- Eurozone inflation misses forecasts, while growth and jobs beat expectations
- Stock markets turn bullish
The euro dropped after key economic data missed expectations. The single currency shed 0.1% so far today after inflation slowed to 1.4%, under the forecasts of 1.5%.
The shared currency plunged to $1.15 on Thursday, after the European Central Bank said it would reduce but extend its stimulus programme. Policymakers will be closely watching the inflation data, the missing ingredient to the eurozone’s economy. The central bank is aiming for 2% inflation.
Meanwhile, growth in the region came in at 2.5%, marginally beating forecasts. Unemployment rates also beat expectations, coming it at 8.9%. The positive data somewhat cushioned the fall for the euro.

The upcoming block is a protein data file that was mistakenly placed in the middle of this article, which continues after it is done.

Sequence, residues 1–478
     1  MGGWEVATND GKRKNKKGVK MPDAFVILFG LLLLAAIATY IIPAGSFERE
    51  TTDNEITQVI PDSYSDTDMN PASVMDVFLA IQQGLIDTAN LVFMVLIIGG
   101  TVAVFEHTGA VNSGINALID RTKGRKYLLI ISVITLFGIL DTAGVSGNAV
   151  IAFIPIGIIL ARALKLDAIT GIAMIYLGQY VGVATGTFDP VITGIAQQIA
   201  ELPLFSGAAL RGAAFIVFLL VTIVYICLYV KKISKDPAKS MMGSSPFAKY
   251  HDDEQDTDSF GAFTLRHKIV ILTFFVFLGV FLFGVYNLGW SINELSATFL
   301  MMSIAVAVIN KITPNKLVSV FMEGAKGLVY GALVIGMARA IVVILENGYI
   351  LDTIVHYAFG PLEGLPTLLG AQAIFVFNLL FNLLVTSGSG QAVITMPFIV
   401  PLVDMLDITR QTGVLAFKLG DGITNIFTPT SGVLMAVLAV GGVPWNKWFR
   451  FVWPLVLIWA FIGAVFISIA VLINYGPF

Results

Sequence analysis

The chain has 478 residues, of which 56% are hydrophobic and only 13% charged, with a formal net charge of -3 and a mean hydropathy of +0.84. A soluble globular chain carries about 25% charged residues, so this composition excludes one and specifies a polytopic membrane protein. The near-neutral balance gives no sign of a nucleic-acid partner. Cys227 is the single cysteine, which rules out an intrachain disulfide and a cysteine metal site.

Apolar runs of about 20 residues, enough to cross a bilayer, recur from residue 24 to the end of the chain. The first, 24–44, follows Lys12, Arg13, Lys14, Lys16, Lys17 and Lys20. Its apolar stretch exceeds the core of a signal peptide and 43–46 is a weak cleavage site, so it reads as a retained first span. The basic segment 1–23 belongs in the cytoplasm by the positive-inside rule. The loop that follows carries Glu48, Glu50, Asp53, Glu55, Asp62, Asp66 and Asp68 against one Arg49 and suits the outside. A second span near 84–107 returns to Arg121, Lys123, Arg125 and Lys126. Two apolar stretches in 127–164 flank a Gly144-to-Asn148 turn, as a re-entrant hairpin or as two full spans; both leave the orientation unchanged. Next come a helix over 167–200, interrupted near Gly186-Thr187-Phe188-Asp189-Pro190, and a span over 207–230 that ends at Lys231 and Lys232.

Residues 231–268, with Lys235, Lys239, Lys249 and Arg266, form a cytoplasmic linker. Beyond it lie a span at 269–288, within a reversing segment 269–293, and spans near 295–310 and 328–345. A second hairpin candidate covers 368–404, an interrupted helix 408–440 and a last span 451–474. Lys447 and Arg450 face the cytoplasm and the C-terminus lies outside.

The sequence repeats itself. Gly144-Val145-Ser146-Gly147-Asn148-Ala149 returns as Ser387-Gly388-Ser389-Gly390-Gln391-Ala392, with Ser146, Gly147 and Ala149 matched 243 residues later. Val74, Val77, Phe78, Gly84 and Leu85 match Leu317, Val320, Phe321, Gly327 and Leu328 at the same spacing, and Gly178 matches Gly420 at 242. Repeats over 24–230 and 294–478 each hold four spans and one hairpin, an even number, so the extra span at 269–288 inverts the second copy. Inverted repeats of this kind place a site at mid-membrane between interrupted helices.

After a choppy overnight session, European stocks are trading upwards. France’s CAC 40 is 0.3% higher, while Spain’s IBEX 35 is 0.7% stronger. Spain’s stocks have been supported by recent polls showing Catalan separatists are falling behind pro-Spanish candidates.
The bank of England will meet on Thursday to reveal its interest rate decision. The central bank is expected to increase the cost of borrowing. In the run-up to the decision, the pound is 0.29% stronger against the greenback.
The dollar is flat against most major currencies as investors await Donald Trump’s decision on the next Federal Reserve chair.
The greenback has recently rallied on reports that Trump will choose a more hawkish Fed chair than Janet Yellen.
US stocks have rebounded after yesterday’s slump. Wall Street’s S&P 500 is 0.17% stronger and the Nasdaq 100 edged 0.4% higher.
Tax reform in the US still remains in focus, with lawmakers looking at a phase-in plan.
The US central bank will meet on Wednesday to divulge its latest interest rate decision.
Oil prices are flat after Brent oil touched its highest point in over three years yesterday. The international benchmark is now trading at $60.50, while the US benchmark is trading at $54.03.
Gold slid 0.3% as investors shy away from risker assets.